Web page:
Brace Yourself - Everyone Has Well Meaning Advice
It doesn't matter where you are, the grocery store, the pharmacy, even having a meal with family or friends; inevitably someone will insert themselves into your conversation or your personal space to give you their well-meaning advice. Anytime the word 'cancer' comes into the conversation, the armchair medical professionals seem to come out of nowhere. I've actually wondered if the word itself has an underlying tone when said that is only sensitive to this particular group of people - like those whistles that only dogs can hear.
When I was diagnosed de novo metastatic 5 yrs ago, it was on a Wednesday; by Monday of the following week, I had four emails, seven direct messages via Facebook from people I knew, thirteen from complete strangers, two books and three religious items. What they all had in common was that they all contained what each person believed was 'THE cure' to cancer. I was given information on what supplements and herbs to buy and in what order and method to take them. I was told stories of co-workers, sisters, neighbors, mailman who did a specific diet that involved standing on his head facing the west while chanting and was cured in two months - And that was ten years ago! Then there was the religious medals, prayer books, and blessed water; all sent with the promise that they held the divine intervention of whatever Saint and if I just followed the specific instructions included, I would be healed. It can be very difficult for folks to understand what it means to be diagnosed with metastatic breast cancer. It's not the same as a diagnosis of early-stage disease.
The cancer conspiracy
All in all, I felt I was handling it all pretty well. I had been diagnosed with metastatic breast cancer, getting bombarded with all kinds of advice, started a treatment plan and then IT happened. I was completely unprepared for the number of people that actually believe - strongly believe - that a cure for cancer already exists but it's locked away, hidden from patients because a cure isn't profitable. Everyone is conspiring against cancer patients - the government, the pharmaceutical companies, and the insurance companies. They are all in on it. They know what's going on and they want to keep doctors and patients in the dark. Here's the problem with that: cancer isn't one disease so there isn't now nor will there ever be just one cure. Those that subscribe to the cancer conspiracies also are adamant that traditional cancer treatments do nothing but shorten and/or end lives but here's the rub - the majority of these people have never had or been treated for cancer themselves. I am willing to bet that if any one of them were in my situation, the conspiracy theory would be quickly forgotten and would be thankful for all of the advances research has and continues to make.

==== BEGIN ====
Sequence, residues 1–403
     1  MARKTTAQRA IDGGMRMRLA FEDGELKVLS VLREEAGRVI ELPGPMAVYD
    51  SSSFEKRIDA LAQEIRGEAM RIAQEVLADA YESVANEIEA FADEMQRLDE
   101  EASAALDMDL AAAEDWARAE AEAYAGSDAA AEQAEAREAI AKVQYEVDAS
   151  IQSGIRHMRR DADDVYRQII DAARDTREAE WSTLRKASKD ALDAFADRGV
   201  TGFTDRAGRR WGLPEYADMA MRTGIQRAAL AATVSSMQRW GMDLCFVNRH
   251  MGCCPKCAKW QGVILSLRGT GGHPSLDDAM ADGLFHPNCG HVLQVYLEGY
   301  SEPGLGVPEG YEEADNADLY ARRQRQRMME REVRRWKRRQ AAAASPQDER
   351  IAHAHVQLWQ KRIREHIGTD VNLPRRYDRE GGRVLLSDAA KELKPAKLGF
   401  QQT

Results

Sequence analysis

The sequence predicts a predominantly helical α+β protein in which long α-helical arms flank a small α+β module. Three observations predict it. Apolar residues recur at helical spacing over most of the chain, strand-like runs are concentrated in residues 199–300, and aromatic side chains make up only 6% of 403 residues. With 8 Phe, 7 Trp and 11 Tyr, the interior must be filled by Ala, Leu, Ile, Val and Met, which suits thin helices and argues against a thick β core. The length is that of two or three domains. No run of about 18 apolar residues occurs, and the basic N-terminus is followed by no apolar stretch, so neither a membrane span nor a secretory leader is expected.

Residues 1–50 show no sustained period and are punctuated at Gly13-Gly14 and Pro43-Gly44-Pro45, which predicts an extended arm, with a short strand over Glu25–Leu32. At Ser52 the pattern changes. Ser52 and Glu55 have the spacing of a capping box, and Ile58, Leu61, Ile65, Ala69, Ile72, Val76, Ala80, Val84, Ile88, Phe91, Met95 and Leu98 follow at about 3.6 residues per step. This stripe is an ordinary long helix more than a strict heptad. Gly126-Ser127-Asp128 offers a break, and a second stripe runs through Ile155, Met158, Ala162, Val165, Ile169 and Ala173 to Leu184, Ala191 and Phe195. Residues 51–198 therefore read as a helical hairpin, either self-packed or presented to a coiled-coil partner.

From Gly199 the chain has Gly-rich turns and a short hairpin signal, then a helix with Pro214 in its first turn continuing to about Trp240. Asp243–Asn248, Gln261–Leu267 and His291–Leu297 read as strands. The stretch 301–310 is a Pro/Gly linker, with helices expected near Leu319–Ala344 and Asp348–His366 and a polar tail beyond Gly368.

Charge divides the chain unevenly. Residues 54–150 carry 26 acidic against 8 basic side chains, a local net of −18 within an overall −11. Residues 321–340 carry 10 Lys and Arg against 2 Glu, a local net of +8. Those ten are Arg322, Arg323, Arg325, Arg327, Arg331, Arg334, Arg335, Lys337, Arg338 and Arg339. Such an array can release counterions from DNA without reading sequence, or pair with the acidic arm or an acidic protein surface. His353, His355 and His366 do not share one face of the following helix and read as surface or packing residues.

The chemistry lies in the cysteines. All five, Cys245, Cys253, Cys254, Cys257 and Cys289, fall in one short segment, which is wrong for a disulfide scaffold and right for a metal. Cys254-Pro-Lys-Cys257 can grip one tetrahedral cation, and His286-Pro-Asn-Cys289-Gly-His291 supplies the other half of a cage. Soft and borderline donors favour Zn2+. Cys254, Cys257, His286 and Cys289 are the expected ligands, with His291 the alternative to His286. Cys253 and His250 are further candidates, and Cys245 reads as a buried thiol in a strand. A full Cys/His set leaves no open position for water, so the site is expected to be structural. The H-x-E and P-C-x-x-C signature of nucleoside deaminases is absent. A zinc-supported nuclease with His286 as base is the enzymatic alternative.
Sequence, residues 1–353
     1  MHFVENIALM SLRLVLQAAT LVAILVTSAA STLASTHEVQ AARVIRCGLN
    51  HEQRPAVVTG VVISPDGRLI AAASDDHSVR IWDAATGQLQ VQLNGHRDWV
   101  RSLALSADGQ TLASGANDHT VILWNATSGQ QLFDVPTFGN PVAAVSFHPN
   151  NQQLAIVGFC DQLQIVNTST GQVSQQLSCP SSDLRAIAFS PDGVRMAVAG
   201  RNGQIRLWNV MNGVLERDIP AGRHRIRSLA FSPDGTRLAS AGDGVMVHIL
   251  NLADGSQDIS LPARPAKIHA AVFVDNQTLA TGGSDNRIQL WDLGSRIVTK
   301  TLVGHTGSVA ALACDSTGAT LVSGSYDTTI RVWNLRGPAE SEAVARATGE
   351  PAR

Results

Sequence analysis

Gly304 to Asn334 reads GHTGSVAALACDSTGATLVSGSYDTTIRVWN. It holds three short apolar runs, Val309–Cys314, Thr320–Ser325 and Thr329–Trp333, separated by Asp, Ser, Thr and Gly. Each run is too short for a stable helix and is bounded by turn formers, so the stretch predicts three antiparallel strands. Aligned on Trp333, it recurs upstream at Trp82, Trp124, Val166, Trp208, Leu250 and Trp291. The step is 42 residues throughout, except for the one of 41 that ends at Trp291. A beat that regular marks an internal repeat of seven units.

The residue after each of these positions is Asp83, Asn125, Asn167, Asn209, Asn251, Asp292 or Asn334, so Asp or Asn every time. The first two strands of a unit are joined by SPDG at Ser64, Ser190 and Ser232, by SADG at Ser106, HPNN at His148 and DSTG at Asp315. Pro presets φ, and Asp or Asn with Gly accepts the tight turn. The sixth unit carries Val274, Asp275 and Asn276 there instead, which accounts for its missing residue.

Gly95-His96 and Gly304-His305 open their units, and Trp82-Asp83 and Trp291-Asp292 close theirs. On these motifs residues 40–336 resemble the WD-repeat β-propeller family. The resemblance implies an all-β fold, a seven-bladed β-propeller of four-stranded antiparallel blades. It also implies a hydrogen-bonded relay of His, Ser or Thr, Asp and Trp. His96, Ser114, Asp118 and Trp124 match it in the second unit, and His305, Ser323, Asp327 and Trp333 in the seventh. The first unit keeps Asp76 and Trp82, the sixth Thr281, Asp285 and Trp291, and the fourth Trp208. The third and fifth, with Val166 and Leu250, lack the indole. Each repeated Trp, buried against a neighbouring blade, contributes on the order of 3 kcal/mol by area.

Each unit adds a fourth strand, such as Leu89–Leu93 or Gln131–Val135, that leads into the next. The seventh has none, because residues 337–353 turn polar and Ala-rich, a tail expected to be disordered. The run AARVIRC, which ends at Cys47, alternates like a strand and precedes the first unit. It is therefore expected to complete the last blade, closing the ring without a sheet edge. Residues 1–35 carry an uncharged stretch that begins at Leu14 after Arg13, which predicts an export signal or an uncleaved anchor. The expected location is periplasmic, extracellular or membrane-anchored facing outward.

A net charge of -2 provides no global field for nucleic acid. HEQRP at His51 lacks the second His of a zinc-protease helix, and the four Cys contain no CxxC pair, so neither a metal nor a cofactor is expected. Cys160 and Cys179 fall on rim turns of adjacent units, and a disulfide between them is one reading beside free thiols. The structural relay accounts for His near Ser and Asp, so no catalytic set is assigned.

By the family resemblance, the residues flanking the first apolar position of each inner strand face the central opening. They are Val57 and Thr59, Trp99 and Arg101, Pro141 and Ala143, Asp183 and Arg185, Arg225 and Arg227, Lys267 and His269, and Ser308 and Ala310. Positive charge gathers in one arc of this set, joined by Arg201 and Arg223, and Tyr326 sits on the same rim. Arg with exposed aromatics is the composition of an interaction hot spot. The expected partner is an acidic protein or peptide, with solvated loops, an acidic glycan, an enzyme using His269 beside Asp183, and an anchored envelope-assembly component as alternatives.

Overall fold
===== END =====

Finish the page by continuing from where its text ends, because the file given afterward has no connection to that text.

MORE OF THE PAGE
Learning to say no
All of these unsolicited messages and let's call them 'suggestions', I received in the beginning about how I could return to my pre-cancer self felt sweet, at first. I appreciated that people cared about me and my health enough to try to help in any way they could. I wasn't actually going to take any of the advice, go to the suggested clinics or sprinkle my home in blessed water every third Friday of every month. I just thanked those individuals and followed my medical team's treatment plan, thinking that was that. What I didn't count on was some of the more persistent friends and acquaintances asking if what they offered was helping and making me 'cancer free'. I didn't want to be rude, after all, they were only trying to be helpful but not being honest meant that they would continue asking and possibly providing me with more 'helpful advice.' No, thank you, are three of the most underused words by cancer patients. So often, there's a feeling of obligation if offered something that's actually unwanted, like cancer cures. It's OK to say, No, not today, when you're not up for seeing people. There's no shame in just saying, No. I tried very hard to not hurt anyone's feelings. Then I had an epiphany - I'm the one with cancer. Everyone else should be going out of their way to not to hurt MY feelings or impose themselves upon ME. That was such a freeing feeling. From that day on, I have been able to politely, yet comfortably decline whatever is being offered that doesn't align with my treatment plan or what I am comfortable with. At the end of the day, I am the one living with my diagnosis. No one else can tell me how to "do" cancer. Unless someone has or until someone is going through cancer, don't be afraid to say, no, no thank you.
How old were you when you were diagnosed with metastatic breast cancer?